A Montreal trans woman and child of immigrants finds herself in the new film Venus

Filmmaker Eisha Marjara on telling a trans story that moves beyond the transition.

Gordon Warnecke, Zena Darawalla, Debargo Sanyal, Jamie Mayers and Pierre-Yves Cardinal in Venus

“I wanted to make it clear that this isn’t just a transition story,” says Eisha Marjara, director of Venus, which hits theatres this Friday. “I didn’t want to focus on the hormones and the surgery… that’s her business as a transwoman. That’s private. The focus is more on just… life! On her relationships, and making her three-dimensional. (…) We live in a culture that’s very obsessed with makeovers. Have you noticed? (laughs) I find it very superficial to just focus on these very superficial transformations. That kind of focus is just deplorable, and it’s really sad that it stays at that level.”

Transitioning is a huge step in a trans person’s life; some might say it’s even the first step of real life. But most people don’t find out they have a son they never knew about while they do it. That’s the particular predicament that Sid Gill (Debargo Sanyal) faces in Marjara’s fiction feature debut Venus. Having just broken up with her closeted boyfriend (Pierre-Yves Cardinal), Sid takes the first steps towards transition and is immediately faced with Ralph (Jamie Mayers), the product of a tentative relationship with a high school friend (Amber Goldfarb). Ralph is excited to meet his father and not particularly fazed when he learns she’s actually his mother, but his attempt at forging a relationship against all odds puts some pressure on Sid, who’s already stretched mighty thin through her relationship with her frazzled mother (Zena Darawalla) and significantly chiller dad (Gordon Warnecke, the lead from My Beautiful Laundrette).

Venus is a bright, colourful and generally upbeat film that nevertheless deals with some very real issues. “Initially, the tone was a lot more dramatic,” says Marjara. “It was producer Joe Balass who encouraged me to really explore the racial element of the story and to bring in the parents characters, which was very easy for me to do. They became more important characters, and they brought the humour with them. It wasn’t intentional — the scenes with them just ended up being really funny. It was kind of a balance between the drama and the comedy at first, until executive producer Kevin Tierney came on board. He read the script and he said ‘This isn’t a drama!’ I thought that having comedy was a really good way to sort of loosen the subject, because it tends to get very tight in its interpretation in popular culture as a sort of very difficult journey.”

Venus finds itself topical in myriad ways — not just in its depiction of Sid’s transition but also in its approach to forging your own path and your own identity as the children of immigrants. In that sense, the film is simpatico with something like The Big Sick, even if its setting is rather different. “Consciousness always has certain kinds of movements, and it’s speaking to the kinds of questions that many people are asking,” says Marjara. “It speaks to the intersectionality of all these identities that are coming together, because there’s much more of an openness to all of them. There’s sort of like a merging, and I think it’s a great thing. It’s a very healthy question to ask.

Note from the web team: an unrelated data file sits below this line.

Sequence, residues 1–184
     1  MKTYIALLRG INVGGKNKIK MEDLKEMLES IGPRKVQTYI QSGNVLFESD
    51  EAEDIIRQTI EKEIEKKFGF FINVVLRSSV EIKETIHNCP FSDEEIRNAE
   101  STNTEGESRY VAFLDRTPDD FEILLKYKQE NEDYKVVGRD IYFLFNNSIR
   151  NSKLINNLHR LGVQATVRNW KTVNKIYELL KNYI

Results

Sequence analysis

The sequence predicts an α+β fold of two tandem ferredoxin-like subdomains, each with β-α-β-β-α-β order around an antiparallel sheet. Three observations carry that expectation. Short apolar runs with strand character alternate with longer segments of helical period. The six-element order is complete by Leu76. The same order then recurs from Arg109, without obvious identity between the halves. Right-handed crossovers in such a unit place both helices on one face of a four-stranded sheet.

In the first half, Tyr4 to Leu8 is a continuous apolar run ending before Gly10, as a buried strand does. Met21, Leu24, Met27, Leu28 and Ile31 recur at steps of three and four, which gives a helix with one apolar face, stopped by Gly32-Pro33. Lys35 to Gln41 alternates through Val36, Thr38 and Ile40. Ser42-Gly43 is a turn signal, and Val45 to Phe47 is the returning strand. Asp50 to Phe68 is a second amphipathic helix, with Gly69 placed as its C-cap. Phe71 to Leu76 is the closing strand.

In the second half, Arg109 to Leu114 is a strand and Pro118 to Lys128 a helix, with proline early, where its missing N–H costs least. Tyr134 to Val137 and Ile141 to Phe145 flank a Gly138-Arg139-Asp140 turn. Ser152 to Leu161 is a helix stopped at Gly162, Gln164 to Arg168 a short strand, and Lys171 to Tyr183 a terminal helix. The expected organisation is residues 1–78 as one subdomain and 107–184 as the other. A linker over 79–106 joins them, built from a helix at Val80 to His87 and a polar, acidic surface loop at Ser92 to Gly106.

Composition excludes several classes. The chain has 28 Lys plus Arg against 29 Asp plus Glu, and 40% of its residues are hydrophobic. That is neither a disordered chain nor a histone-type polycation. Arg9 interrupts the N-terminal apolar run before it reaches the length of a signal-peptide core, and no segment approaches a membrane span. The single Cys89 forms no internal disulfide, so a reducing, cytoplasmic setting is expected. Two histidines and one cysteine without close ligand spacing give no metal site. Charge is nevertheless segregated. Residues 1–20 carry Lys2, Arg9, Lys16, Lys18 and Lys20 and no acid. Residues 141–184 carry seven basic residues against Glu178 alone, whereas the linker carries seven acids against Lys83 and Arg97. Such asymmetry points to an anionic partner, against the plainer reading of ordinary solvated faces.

“I think with Sid, she’s grappling with all of these questions, but mostly it’s about her gender — her identity as a woman. How does she see herself? How does she want to transition? What does her version of a woman look like? It comes through in her relationships. The tagline of the film is ‘Finding yourself is a family affair.’ To me, it’s a really telling thing because if we were living, ideally, in a society that didn’t have any labels or prejudices, there would be no issue. But we see ourselves through other people’s eyes. It’s inevitable, it’s just the way we grow up. So she’s seeing herself through everybody else, through their expectations.”

The film’s subject matter, of course, brings up the question of our time: as a cis woman of Indian descent, is Marjara qualified to depict the story of Venus? Is it her story to tell? “The question of representation is important, I think,” she says. “I’m not trans, although I do assume part of the identity, in a way. I’m representing Sid as a woman and as a second-generation Indian woman growing up in Montreal. I mean, her parents are from Brossard — I grew up in Brossard! I brought in as much personal experience into the film as I possibly could to make it as authentic as I could… but I’m also an artist. I also have a responsibility to tell the story as authentically as I possibly can. I will not please everybody. I know that — I went into it knowing that. No artist should make anything expecting that they will please everybody — that’s not the point of art. I’m so driven as an artist to tell stories that sometimes I feel like they’re not even mine.

“I have questioned why I’m so passionate about gender, because all of my films are about gender. All of my films are about what it means to be a woman. This is another story about a character who’s questioning what it means to be a woman, so it doesn’t fall out of line with what I’ve been dealing with in all my films.” ■

Venus opens in theatres Friday, March 2. Screenings with the cast and crew in attendance are happening on March 2 (Cineplex Forum, 7 p.m.) and March 4 (Cinéma du Parc, 7:30 p.m.) Watch the trailer here: